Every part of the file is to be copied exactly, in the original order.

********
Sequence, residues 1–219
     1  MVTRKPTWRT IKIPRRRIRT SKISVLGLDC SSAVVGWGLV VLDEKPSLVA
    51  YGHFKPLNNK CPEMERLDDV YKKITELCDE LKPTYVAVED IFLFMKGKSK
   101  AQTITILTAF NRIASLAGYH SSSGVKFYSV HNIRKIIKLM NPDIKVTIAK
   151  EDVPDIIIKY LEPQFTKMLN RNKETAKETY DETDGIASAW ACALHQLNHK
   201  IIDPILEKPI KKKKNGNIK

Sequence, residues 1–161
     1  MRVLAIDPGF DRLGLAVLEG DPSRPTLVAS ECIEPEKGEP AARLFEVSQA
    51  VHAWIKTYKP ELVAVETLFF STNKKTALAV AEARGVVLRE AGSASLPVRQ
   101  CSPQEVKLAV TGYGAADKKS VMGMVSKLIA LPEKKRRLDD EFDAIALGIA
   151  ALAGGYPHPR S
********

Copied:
Sequence, residues 1–219
     1  MVTRKPTWRT IKIPRRRIRT SKISVLGLDC SSAVVGWGLV VLDEKPSLVA
    51  YGHFKPLNNK CPEMERLDDV YKKITELCDE LKPTYVAVED IFLFMKGKSK
   101  AQTITILTAF NRIASLAGYH SSSGVKFYSV HNIRKIIKLM NPDIKVTIAK
   151  EDVPDIIIKY LEPQFTKMLN RNKETAKETY DETDGIASAW ACALHQLNHK
   201  IIDPILEKPI KKKKNGNIK

Sequence, residues 1–161
     1  MRVLAIDPGF DRLGLAVLEG DPSRPTLVAS ECIEPEKGEP AARLFEVSQA
    51  VHAWIKTYKP ELVAVETLFF STNKKTALAV AEARGVVLRE AGSASLPVRQ
   101  CSPQEVKLAV TGYGAADKKS VMGMVSKLIA LPEKKRRLDD EFDAIALGIA
   151  ALAGGYPHPR S